Playing politics with pictures: seeing (on a TV screen) is believing. Media messages
TELEVISION is a complex system of technology that seems to reduce us to a state of near-primitive credulity. Time and again, we scoff at commercials, yet buy the advertised products. Often we see a news story on television, poorly reported, even garbled, then go on to read a more accurate, coherent version in the next day's newspaper, yet we somehow trust what we see over what we read - as if seeing an anchorman reading a TelePrompTer were more reliable than reading for ourselves, as if seeing edited film clips were as real as ``being there,'' as if seeing ``live action'' through the eye of the video camera could explain what we see or why the event being covered has a claim to our attention. Seeing is believing. It's hard not to believe one's eyes, harder still when the sight is ``validated'' by the authority television has as a provider of images in our common culture. ``The central claims of Madison Avenue, of prime-time television, and of widely viewed films have replaced those of the Bible, Shakespeare, and the great speeches as the lingua franca of contemporary oratory,'' Kathleen Hall Jamieson regretfully observes.Skip to next paragraph
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In her stimulating and thoughtful book Eloquence in an Electronic Age: The Transformation of Political Speechmaking (Oxford University Press, 320 pp., Illustrated. $24.95), Jamieson, author of ``Packaging the Presidency'' and professor of communication at the University of Texas at Austin, shows how far Americans have come from a time when a speaker could calm a hostile crowd by quoting a well-known Psalm to an age when a speaker would more likely quote something like ``Make my day!''
Jamieson finds more than television to blame for the sharp decline in the quality of political oratory. The failure of schools to provide a core curriculum in the humanities that would familiarize students with great literature and with important speeches from the past deprives orators of an audience. The lack of opportunities for speakers to practice their skill further diminishes an already dying art.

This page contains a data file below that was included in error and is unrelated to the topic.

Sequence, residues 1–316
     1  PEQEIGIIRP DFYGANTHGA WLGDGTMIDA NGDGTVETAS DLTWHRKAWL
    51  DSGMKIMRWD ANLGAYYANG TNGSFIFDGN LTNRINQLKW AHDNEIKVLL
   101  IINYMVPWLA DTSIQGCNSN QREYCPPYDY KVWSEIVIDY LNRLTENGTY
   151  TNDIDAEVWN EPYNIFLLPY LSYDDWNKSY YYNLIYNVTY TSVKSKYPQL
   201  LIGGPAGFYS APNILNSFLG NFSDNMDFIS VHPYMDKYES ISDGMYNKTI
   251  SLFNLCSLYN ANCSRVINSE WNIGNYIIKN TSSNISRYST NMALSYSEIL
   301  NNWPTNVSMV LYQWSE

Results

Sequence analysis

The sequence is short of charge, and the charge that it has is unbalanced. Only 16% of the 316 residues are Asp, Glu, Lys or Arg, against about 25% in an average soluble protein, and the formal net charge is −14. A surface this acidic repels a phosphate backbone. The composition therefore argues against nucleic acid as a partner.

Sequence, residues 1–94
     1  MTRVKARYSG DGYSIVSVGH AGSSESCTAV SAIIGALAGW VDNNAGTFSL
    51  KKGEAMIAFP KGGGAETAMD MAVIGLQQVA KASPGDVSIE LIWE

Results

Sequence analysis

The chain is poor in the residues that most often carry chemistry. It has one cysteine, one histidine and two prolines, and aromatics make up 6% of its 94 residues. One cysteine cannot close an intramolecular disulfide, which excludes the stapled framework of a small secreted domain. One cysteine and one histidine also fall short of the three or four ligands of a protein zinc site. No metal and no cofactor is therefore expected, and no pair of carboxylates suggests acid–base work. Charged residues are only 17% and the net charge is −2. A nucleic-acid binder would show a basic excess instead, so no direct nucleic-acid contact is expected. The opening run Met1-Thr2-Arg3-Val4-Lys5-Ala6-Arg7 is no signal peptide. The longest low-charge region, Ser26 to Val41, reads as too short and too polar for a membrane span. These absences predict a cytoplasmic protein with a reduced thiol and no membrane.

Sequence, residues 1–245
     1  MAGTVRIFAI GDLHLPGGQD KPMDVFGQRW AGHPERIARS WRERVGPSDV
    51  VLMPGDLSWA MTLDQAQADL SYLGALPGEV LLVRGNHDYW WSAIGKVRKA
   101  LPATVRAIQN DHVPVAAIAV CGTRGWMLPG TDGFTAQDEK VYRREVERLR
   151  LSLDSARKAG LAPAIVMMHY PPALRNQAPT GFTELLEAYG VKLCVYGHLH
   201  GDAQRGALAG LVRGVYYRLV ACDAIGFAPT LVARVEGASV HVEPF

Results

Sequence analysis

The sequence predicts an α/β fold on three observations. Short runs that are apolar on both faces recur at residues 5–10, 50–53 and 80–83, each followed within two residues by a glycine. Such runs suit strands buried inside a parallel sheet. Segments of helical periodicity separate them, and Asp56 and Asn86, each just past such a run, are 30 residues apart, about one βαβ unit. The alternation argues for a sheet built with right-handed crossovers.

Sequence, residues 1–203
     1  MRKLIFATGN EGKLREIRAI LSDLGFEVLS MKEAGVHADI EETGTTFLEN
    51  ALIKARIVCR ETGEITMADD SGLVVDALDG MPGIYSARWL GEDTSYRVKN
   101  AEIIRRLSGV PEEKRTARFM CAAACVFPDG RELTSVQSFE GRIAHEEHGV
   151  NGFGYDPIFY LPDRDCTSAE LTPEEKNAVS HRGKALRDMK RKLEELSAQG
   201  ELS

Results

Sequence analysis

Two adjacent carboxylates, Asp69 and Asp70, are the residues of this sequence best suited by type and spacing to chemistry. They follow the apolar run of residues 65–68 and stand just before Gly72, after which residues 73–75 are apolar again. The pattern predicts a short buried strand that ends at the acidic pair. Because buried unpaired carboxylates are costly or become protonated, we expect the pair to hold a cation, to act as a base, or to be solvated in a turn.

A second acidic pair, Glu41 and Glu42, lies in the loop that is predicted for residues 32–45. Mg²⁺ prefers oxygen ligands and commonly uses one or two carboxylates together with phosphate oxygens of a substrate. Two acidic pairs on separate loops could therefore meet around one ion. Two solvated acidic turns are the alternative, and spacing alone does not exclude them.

But television remains the central culprit. ``Because television is a visual medium whose natural grammar is associative,'' she explains, ``a person adept at visualizing claims in dramatic capsules will be able to use television to short-circuit the audience's demand that those claims be dignified with evidence. ... When the public is unwilling or unable to evaluate the reasoned exposition of candidates, it cannot know whether the candidates have examined alternatives to the policies they espouse. Nor can it know whether the would-be leader has understood the lessons of the past....''
Insightfully - and entertainingly - Jamieson takes us on a tour of rhetoric from the Greeks to Abraham Lincoln, Woodrow Wilson, Franklin Roosevelt, John Kennedy, and Ronald Reagan, with side trips to examine the problems of less successful communicators, such as Lyndon Johnson, Gerald Ford, and Jimmy Carter. Her analysis of the blend of qualities responsible for Reagan's success as the ``Great Communicator'' goes beyond the obvious points often made about his acting experience and ``nice guy'' style to lead us to an understanding of his humorous self-effacement (a key to the ``Teflon effect''), his storytelling ability, and his gift for evoking in words those dramatic visual images that serve for today's audience something of the function that literacy and biblical quotations served for our ancestors.
Although Jamieson can scarcely approve of the brave new world of intellectual short-circuitry she understands so well, she does have some modest proposals for improving the situation, from reintroducing public speaking in the school curriculum to requiring broadcasters to provide free equal time slots for candidates to address the electorate just before elections. By meshing her close scrutiny of modern speakers with the long view, Jamieson calls to our attention the ancient Greek concept of logos - the appeal to reason - that is in danger of being lost in the electronic rush to appeal to emotion (pathos) and to portray the politician's character (ethos) in the most favorable light that imagemaking consultants can shed on it.